We’ll let Hag take it from here.

Hag on Hag:

“All my life, I’ve grown in music. It’s kind of like a vocabulary. Your understanding and appreciation for it grows with your character. I’ve grown a lot. I don’t agree with a lot of the political songs I used to sing. I don’t agree with “Okie From Muskogee.” I mean, if I meant that, I was dumb as a rock! Sure, I’ll still sing it, but I sing it with a different attitude, man. I mean, I learned something, too. I learned we wasn’t supposed to be in Vietnam. But I didn’t know it at the time. I thought we should be over there fighting the threat of Communism. Just like the propaganda wanted me to think.”

Hag on Drugs:

“I don’t agree with classifying LSD with marijuana. I don’t agree with classifying beer with cocaine. I mean, I don’t agree with the double standards we’ve got going on in this world. I think they’re gonna bite us in the ass.”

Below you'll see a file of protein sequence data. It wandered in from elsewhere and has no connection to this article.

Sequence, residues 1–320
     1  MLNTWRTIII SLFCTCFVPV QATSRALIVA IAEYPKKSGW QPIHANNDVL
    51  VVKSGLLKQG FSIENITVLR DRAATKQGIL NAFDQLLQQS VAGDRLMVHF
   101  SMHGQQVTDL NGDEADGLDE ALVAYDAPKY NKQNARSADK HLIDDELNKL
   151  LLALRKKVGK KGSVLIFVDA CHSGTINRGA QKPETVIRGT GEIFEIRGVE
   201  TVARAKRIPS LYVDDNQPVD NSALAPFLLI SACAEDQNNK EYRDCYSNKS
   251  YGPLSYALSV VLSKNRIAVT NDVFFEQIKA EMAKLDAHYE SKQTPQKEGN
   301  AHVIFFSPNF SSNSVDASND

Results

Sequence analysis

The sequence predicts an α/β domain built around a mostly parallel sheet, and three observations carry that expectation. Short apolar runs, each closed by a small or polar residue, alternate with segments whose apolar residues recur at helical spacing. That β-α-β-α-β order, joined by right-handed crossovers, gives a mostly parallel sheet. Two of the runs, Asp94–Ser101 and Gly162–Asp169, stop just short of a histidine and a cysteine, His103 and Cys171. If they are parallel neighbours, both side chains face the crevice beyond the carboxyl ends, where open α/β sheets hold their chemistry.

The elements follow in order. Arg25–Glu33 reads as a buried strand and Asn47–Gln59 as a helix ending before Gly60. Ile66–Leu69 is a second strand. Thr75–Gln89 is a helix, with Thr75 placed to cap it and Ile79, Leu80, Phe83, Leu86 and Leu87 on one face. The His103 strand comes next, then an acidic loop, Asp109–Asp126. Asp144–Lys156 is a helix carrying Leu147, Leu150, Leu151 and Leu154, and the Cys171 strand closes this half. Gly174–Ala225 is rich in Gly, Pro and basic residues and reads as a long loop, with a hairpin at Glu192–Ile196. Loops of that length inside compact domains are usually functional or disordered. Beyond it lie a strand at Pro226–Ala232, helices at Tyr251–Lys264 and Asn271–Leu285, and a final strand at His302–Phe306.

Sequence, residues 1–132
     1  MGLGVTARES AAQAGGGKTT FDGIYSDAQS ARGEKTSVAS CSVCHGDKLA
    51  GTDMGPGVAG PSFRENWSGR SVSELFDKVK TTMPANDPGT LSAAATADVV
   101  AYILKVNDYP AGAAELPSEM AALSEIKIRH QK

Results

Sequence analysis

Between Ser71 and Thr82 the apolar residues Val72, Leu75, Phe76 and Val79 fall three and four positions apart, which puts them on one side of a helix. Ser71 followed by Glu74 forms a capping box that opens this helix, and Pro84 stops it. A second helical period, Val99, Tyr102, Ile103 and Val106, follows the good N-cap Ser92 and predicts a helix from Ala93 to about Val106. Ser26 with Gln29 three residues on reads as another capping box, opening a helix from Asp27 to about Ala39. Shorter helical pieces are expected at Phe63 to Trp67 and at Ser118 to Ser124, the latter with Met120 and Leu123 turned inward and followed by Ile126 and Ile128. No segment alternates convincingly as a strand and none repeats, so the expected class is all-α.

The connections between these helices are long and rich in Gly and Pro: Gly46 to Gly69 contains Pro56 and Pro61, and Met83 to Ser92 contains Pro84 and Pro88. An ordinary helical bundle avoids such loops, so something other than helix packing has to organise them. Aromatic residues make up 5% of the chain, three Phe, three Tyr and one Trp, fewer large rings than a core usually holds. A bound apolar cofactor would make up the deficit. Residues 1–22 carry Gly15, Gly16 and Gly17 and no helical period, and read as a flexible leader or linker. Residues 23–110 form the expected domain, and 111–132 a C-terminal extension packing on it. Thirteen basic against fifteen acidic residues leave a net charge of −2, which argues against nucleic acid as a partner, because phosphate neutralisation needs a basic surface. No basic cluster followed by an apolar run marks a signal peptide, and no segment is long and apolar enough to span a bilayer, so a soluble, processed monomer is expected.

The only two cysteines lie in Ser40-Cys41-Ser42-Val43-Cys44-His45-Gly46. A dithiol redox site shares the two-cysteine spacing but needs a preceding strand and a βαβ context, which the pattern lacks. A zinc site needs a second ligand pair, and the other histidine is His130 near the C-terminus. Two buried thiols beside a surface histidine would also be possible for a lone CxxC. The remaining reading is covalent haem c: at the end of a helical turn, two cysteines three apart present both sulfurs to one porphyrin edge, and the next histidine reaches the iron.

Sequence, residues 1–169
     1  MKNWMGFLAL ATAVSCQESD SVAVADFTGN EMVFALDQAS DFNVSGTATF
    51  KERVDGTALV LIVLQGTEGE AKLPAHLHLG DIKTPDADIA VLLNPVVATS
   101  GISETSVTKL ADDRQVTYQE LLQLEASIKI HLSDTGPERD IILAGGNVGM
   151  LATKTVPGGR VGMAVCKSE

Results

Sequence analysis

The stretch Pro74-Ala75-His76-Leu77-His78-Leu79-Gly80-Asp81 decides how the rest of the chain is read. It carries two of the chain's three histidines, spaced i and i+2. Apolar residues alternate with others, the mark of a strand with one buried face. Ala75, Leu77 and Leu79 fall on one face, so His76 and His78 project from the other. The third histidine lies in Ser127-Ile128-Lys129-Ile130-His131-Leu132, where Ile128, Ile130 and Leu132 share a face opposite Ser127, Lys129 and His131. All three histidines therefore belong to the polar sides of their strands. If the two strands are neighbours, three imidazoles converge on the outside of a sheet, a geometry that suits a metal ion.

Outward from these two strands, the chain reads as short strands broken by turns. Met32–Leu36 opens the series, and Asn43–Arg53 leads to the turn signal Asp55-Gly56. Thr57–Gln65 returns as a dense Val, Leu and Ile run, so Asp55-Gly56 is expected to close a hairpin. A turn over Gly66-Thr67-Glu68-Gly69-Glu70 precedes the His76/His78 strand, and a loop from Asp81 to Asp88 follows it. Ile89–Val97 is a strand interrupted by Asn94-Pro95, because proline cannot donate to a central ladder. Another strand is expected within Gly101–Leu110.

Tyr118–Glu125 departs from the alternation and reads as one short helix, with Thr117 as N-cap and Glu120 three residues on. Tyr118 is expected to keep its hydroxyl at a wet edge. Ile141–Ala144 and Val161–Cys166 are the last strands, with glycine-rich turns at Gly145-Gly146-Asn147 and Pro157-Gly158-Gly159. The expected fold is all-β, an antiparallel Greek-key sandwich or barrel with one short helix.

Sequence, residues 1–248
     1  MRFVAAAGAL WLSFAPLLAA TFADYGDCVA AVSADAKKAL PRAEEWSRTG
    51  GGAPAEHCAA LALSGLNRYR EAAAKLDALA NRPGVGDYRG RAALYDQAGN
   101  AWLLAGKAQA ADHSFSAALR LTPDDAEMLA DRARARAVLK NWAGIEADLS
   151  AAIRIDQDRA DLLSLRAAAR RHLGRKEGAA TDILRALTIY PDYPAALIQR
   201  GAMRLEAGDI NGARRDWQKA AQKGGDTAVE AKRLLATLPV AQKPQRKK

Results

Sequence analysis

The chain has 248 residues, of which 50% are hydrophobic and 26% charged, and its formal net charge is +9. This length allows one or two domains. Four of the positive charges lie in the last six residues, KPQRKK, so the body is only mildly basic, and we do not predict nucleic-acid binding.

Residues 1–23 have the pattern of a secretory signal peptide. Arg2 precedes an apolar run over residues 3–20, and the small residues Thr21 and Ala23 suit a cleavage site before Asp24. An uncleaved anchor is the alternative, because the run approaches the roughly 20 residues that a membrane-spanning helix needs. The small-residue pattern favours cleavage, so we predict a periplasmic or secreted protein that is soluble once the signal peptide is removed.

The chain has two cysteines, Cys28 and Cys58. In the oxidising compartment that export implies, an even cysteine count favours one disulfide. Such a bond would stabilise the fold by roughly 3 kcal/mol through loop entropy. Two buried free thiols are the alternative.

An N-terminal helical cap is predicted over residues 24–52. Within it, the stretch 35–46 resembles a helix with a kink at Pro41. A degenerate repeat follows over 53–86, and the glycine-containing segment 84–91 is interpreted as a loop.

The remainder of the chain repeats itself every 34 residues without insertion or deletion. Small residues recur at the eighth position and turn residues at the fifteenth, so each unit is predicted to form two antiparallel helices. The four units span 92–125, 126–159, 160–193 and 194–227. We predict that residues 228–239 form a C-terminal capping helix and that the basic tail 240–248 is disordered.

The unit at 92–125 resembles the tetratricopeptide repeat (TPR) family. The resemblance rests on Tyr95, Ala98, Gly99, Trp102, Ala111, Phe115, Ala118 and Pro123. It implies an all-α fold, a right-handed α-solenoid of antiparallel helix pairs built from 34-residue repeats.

Hag on Life:

“I’m very passionate about life. I’m 64 years old. I ain’t got time to be any other way.”

Hag on Freedom:

“I know that our freedom is goin’ away, but I’m goin’ to Canada and I’m gonna go up there and go across that damn line up there and let them pat me down 500 times and look through my bus and up my butt. And I’m not gonna like it. I don’t give a god damn what their excuse is. But I’m gonna do it because I am an American and I’m not afraid of anybody.”

Hag on Guns:

“I’d rather go down in history like one of those brave men on that airplane than to sit back and give in and vote for an M-16 to be surroundin’ my ass in an airport. I’d rather have the right to carry my own gun. If they had a gun, they could have saved that airplane. If there’d been one gun in there with one FBI agent, one police officer to ride that airplane that’s been allowed to carry his own gun, that plane would probably be here and those heroes would be goin’ to the White House. Don’t forget the only victory was won by civilians.”

Merle Haggard, Peery’s Egyptian Theatre, 2415 Washington Blvd, Ogden, 801-395-3227, Monday Dec. 31, 7:30 p.m.